Winter has hit the Shuswap, and with the colder temperatures and snow come hazardous driving conditions.
Chase RCMP have been busy over the last number of weeks, seeing well over 30 motor-vehicle incidents relating to winter driving conditions.
Sgt. Gary Heebner of the Chase RCMP detachment warns drivers to slow down and allow more time to get to their destination.
Heebner also encourages all Shuswap drivers to ensure they have proper winter tires installed on their vehicles.
“The ministry allows mud and snow tires,” Heebner said, explaining that they are not so much winter tires as an all-season type.
RCMP recommend the true winter brands, he said, noting that they should have a snow flake design on the side.
These tires need to go through much more rigourous tests and pass higher standards, Heebner said, noting mud and snow tires to do not. He also recommends the use of studs where possible, though this is a personal preference and not one enforced by the RCMP.
He said studs are useful in this area that see lots of ice.
A big problem, Heebner said, was the false confidence drivers get from the use of four-wheel and all-wheel drive.
“Many think this is the answer all the time,” he said.
The issue is, he explained, that when you lose traction on two wheels, the vehicle begins to fish-tail, but the front tires stay where they should be. This at least allows the driver a chance to gain control once again.
When in a four-wheel or all wheel drive vehicle, however, the driver loses control of all the wheels, not just two.
Heebner also stresses the importance of leaving more distance between your vehicle and those ahead of you and putting defensive driving to use.
People need to watch out for snow plows, he said, as well as pay close attention to the roads they are travelling.
He notes how plow trucks can build up ditches, and make them appear level with the highway.
Those who need to pull off in a hurry need to be aware of where the shoulder ends, and a possible ditch begins.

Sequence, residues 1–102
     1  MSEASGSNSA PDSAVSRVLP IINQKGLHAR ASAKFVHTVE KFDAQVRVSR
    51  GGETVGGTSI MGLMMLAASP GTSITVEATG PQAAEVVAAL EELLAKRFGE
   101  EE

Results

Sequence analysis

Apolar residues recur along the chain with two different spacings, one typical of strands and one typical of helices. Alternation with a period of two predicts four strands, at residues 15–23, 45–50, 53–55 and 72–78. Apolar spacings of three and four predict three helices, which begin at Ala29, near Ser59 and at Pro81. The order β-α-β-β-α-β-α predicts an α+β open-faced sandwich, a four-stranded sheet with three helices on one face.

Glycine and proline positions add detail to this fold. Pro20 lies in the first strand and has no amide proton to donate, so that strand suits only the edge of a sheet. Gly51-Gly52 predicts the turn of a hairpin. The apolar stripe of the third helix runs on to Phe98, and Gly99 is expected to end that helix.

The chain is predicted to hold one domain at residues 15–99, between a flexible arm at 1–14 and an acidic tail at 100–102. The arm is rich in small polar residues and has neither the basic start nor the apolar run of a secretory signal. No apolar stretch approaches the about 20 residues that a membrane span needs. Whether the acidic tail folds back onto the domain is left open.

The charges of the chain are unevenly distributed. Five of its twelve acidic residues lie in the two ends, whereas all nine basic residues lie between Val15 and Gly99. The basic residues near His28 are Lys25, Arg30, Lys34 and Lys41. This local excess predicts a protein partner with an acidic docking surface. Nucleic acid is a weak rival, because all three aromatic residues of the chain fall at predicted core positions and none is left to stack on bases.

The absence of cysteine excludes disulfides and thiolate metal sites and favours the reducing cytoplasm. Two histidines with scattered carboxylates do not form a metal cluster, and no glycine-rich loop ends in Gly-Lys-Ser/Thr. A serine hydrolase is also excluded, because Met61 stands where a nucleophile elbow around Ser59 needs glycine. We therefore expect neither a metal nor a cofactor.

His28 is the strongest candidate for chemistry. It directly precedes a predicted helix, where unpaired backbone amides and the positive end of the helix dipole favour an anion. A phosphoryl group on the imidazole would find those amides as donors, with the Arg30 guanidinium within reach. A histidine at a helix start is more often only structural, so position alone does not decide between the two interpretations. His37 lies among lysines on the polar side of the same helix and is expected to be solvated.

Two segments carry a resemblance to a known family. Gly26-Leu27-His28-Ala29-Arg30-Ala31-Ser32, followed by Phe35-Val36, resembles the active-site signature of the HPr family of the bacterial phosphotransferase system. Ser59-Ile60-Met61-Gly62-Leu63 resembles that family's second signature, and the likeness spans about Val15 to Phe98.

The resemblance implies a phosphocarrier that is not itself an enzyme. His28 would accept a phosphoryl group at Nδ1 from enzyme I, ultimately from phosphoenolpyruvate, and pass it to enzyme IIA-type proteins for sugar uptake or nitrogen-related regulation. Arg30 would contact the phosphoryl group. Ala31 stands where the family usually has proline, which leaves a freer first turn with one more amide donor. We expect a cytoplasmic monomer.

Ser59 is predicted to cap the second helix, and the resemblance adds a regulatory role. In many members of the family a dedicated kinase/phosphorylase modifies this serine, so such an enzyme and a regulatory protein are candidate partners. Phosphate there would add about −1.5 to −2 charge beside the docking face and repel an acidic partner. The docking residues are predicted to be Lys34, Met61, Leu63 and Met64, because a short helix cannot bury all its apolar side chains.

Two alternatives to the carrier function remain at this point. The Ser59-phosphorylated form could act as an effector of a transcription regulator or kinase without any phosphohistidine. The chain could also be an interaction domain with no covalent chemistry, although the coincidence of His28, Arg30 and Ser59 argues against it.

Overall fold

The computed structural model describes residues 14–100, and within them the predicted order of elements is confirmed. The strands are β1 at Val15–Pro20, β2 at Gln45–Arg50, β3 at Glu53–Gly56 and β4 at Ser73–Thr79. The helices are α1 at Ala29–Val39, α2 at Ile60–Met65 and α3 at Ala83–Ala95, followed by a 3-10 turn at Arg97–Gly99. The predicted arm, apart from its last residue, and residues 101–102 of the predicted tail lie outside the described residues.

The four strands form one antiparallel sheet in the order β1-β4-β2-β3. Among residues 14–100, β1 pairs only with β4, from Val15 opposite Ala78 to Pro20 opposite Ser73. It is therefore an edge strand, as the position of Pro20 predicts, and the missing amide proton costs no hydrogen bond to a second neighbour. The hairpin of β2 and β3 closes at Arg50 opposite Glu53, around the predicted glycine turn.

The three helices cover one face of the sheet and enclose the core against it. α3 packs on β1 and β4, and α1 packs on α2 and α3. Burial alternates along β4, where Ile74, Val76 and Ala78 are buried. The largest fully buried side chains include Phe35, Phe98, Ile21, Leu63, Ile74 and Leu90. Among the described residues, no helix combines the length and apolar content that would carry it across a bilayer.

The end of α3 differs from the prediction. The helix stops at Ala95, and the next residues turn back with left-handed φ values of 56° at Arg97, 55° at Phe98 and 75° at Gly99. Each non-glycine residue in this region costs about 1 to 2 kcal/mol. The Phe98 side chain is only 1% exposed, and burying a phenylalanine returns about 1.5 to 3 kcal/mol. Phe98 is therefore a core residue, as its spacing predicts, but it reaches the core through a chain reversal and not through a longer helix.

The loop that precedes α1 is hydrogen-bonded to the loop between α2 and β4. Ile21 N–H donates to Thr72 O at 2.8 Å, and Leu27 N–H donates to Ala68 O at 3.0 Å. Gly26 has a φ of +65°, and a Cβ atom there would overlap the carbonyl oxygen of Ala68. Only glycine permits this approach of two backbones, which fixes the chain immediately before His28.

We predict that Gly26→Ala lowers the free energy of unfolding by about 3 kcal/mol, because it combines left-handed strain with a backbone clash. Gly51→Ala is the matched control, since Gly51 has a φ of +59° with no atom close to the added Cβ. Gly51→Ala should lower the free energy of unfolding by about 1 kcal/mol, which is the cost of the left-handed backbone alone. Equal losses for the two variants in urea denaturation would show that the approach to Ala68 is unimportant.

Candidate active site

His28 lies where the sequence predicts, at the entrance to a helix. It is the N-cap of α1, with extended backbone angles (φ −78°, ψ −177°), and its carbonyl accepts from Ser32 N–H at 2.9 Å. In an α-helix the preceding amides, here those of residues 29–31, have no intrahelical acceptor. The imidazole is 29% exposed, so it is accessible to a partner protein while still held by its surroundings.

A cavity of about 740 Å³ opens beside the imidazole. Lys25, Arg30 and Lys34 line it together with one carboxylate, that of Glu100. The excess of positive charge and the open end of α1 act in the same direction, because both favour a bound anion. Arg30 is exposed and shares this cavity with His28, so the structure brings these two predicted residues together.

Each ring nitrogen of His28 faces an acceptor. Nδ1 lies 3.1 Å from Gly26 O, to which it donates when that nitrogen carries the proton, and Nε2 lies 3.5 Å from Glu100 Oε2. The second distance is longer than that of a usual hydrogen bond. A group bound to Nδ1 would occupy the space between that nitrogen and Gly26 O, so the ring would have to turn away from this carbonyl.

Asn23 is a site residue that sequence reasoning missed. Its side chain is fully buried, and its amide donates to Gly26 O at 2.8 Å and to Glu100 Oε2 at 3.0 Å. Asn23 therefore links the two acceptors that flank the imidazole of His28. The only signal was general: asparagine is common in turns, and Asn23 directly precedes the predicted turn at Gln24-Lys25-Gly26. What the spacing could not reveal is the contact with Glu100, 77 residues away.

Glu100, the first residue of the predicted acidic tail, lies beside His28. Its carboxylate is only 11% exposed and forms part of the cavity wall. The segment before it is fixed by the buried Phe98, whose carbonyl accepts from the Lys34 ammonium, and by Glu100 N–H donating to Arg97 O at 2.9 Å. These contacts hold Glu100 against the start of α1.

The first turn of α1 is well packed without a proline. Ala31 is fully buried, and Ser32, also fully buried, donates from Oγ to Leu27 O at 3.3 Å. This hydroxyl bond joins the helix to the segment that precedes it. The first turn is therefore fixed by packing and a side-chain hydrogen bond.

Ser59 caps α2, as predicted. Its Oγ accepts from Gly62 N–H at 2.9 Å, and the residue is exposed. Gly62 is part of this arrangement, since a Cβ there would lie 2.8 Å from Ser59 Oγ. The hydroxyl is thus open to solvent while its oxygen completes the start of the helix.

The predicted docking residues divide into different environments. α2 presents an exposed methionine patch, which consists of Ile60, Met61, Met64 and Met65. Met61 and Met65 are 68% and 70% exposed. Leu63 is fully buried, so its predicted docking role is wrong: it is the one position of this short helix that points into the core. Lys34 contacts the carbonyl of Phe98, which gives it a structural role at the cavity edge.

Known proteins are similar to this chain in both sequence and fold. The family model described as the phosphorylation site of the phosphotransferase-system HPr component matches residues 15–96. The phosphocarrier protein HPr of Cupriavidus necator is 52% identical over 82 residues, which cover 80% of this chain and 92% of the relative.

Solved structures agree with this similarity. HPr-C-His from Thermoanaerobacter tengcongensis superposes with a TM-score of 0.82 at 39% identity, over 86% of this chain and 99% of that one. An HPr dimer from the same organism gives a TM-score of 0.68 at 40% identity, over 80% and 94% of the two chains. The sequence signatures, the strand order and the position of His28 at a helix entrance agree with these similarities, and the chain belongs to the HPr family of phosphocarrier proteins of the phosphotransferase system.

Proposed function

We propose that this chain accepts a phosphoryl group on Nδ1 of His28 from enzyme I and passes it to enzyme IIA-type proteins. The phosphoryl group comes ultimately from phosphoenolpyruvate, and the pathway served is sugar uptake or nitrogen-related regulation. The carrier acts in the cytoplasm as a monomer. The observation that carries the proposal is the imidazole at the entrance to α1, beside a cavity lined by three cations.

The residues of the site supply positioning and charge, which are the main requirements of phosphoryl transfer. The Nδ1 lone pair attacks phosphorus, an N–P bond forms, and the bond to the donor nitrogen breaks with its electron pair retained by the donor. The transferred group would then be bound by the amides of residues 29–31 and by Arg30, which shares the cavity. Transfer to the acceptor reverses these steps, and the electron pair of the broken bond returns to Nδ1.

Plow trucks can also cause a slushy build up on the sides of the road, which can pull drivers in.
Emergency kits are important to have in the vehicles at all times, but especially during the winter months.
If a driver finds themselves stranded on the side of the highway Heebner suggests they stay in their vehicles instead of trying to walk.
Plan ahead for trips, giving plenty of time and ensure your cell phone is charged in case an emergency call is needed.
If a driver sees or suspects that an accident has taken place, they are urged to call 9-1-1 and give an accurate as possible description of what took place.
This includes the type of vehicle involved, and a description of the location, noting how many kilometres it is from a destination.
This will help police locate the vehicle in a much more timely fashion.
While the Chase detachment prefers to educate drivers about winter driving whenever possible, they will also hand out tickets. This includes for drivers who are not driving safely for the road conditions, and also for those whose vehicles are not equipped with proper winter tires.
In the end, Heebner said, it is about slowing down, giving yourself lots of time, and being aware of your surroundings.